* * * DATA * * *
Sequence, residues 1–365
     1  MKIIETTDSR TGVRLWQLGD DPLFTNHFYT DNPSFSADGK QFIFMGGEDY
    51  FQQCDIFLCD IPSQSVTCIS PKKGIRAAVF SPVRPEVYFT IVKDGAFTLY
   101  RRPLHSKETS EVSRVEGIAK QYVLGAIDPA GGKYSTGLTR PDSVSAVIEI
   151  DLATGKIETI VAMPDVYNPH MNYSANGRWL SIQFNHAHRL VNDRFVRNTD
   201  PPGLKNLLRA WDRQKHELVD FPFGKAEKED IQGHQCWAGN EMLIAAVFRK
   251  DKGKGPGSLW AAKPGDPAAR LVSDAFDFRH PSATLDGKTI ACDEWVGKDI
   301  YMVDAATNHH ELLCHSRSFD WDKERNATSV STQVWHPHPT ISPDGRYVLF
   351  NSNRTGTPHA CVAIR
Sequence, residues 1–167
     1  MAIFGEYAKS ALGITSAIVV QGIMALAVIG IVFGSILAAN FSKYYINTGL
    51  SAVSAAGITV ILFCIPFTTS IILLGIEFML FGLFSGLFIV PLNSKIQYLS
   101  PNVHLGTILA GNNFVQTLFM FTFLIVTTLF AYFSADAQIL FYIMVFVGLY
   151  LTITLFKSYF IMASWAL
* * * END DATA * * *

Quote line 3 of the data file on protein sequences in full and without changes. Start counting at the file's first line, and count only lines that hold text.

    51  FQQCDIFLCD IPSQSVTCIS PKKGIRAAVF SPVRPEVYFT IVKDGAFTLY